A sevenfold increase in DNA mutations has been identified in children of liquidators conceived after the accident, when compared to their siblings that were conceived before. However, this effect has diminished sharply over time.
Soviet Military authorities started evacuating people from the area around Chernobyl only on the second day after the disaster (after about 36 hours). By May 1986, about a month later, all those living within a 30 km (19 mi) radius of the plant (about 116,000 people) had been relocated. This area is often referred to as the zone of alienation. However, significant radiation affected the environment over a much wider scale than this 30 km radius encloses.
According to reports from Soviet scientists, 28,000 square kilometers (km2, or 10,800 square miles, mi2) were contaminated by caesium-137 to levels greater than 185 kBq per square meter. Roughly 830,000 people lived in this area. About 10,500 km 2 (4,000 mi2) were contaminated by caesium-137 to levels greater than 555 kBq/m2. Of this total, roughly 7,000 km2 (2,700 mi2) lie in Belarus, 2,000 km2 (800 mi2) in the Russian Federation and 1,500 km2 (580 mi2) in Ukraine. About 250,000 people lived in this area. These reported data were corroborated by the International Chernobyl Project.
Some children in the contaminated areas were exposed to high thyroid doses of up to 50 gray (Gy), mostly due to an intake of radioactive iodine-131 (a relatively short-lived isotope with a half-life of 8 days) from contaminated milk produced locally. Several studies[which?] have found that the incidence of thyroid cancer among children in Belarus, Ukraine, and Russia has risen sharply since the Chernobyl disaster. The International Atomic Energy Agency (IAEA) notes "1800 documented cases of thyroid cancer in children who were between 0 and 14 years of age when the disaster occurred, which is far higher than normal", although this source fails to note the expected rate. The childhood thyroid cancers that have appeared are of a large and aggressive type but, if detected early, can be treated. Treatment entails surgery followed by iodine-131 therapy for any metastases. To date, such treatment appears to have been successful in the vast majority of cases.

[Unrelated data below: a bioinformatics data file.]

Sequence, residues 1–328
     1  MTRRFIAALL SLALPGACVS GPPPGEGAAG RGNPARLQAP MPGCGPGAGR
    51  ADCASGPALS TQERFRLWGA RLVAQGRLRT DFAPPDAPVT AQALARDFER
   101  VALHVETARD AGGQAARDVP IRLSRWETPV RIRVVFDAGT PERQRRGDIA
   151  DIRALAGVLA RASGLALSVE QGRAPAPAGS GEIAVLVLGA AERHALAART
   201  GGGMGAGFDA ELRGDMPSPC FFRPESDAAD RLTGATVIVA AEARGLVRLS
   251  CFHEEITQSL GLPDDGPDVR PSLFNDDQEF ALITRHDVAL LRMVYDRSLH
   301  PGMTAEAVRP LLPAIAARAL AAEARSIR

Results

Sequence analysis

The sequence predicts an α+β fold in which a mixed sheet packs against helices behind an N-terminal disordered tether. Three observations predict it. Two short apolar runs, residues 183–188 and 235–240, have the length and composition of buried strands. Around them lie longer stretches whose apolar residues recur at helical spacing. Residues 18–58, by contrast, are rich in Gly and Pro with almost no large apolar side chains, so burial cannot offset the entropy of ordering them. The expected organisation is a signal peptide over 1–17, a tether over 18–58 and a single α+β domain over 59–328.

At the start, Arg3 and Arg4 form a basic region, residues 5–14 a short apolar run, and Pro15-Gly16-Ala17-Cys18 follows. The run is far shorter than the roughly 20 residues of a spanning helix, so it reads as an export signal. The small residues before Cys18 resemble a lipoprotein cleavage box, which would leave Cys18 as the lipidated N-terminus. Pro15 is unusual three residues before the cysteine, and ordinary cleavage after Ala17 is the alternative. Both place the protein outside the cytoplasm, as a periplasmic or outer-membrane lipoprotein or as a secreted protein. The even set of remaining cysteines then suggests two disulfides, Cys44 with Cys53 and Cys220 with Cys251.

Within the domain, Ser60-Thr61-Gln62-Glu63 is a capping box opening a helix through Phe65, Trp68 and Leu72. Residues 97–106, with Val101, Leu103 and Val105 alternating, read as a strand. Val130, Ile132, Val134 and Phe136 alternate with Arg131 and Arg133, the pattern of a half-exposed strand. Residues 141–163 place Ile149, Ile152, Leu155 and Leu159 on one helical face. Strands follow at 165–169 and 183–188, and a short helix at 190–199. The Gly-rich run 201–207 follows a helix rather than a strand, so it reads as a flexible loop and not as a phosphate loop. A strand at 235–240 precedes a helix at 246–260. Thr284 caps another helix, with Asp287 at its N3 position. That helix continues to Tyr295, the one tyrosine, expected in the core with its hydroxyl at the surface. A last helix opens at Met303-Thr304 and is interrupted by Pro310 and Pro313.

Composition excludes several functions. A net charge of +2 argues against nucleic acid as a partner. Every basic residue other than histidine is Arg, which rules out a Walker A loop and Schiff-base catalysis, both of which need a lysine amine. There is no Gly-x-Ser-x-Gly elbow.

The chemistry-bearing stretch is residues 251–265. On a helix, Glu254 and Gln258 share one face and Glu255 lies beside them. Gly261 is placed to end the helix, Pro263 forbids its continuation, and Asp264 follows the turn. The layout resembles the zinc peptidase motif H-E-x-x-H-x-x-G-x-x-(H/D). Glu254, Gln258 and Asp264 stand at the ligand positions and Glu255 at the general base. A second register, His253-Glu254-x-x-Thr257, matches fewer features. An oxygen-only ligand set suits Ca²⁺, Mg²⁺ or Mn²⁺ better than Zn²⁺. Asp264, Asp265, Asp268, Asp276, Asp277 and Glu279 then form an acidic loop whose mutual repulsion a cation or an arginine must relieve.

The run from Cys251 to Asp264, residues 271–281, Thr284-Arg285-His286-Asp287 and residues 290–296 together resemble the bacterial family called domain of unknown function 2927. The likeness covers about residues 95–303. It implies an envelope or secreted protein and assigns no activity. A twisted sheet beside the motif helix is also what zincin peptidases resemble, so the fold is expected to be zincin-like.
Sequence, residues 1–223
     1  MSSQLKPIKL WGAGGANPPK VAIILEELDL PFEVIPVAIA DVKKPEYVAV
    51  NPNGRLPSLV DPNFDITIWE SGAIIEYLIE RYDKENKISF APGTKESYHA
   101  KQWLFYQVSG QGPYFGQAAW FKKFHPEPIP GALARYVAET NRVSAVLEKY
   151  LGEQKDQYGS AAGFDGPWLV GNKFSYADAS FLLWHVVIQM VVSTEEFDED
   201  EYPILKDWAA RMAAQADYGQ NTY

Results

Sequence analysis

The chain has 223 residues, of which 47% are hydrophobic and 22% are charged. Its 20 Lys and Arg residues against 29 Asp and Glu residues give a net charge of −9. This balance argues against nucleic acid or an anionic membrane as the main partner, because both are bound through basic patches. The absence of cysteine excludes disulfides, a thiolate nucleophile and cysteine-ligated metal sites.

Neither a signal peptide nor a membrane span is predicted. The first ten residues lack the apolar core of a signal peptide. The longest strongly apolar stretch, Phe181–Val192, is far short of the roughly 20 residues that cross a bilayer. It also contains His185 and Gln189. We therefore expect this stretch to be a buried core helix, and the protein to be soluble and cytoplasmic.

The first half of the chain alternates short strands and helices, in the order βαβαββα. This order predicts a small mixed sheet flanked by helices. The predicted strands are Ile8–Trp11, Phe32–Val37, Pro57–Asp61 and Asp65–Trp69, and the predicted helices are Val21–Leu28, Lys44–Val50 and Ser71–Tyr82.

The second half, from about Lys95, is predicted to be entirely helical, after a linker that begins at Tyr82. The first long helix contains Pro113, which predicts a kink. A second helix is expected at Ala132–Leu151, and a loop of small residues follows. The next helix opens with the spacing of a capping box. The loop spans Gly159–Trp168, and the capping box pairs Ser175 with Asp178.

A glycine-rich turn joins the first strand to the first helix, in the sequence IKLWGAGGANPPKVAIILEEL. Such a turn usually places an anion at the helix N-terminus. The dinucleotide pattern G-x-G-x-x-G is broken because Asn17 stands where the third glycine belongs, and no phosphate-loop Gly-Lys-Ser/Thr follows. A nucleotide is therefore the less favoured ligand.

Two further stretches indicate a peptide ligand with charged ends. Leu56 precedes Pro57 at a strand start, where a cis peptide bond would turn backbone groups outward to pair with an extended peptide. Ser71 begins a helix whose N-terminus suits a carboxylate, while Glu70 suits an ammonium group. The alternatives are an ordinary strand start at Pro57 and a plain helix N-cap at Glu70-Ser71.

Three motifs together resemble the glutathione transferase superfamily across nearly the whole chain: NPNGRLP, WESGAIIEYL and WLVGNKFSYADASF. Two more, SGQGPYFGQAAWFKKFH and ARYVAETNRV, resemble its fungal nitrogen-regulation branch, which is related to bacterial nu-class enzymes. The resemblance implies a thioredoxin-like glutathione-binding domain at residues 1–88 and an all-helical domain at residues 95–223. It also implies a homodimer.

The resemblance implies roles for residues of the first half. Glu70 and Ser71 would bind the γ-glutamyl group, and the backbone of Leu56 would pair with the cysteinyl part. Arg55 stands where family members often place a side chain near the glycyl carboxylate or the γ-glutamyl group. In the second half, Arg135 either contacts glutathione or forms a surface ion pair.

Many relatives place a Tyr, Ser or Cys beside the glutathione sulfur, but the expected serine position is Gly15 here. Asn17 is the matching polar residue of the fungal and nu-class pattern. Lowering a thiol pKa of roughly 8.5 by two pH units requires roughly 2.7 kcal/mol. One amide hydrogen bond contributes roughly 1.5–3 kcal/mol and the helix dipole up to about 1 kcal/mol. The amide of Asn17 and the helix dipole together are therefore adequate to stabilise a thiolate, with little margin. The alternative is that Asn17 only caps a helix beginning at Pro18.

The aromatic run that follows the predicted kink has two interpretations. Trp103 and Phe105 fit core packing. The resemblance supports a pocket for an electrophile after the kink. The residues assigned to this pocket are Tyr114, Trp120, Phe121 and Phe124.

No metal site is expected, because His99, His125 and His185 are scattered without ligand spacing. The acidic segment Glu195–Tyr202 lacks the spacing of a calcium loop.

Late in 1995, the World Health Organization (WHO) linked nearly 700 cases of thyroid cancer among children and adolescents to the Chernobyl disaster, and among these, some 10 deaths are attributed to radiation. However, the rapid increase in thyroid cancers detected suggests some of this increase may be an artifact of the screening process. Typical latency time of radiation-induced thyroid cancer is about 10 years, but the increase in childhood thyroid cancers in some regions was observed as early as 1987.
Plant and animal health
A large swath of pine forest killed by acute radiation was named the Red Forest. The dead pines were bulldozed and buried. Livestock were removed during the human evacuations. Elsewhere in Europe, levels of radioactivity were examined in various natural foodstocks. In both Sweden and Finland, fish in deep freshwater lakes were banned for resale and landowners were advised not to consume certain types. Information regarding physical deformities in the plant and animal populations in the areas affected by radioactive fallout require sampling and capture, along with DNA testing, of individuals to determine if abnormalities are the result of natural mutation, radiation poisoning, or exposure to other contaminants in the environment (i.e. pesticides, industrial waste, or agricultural run-off).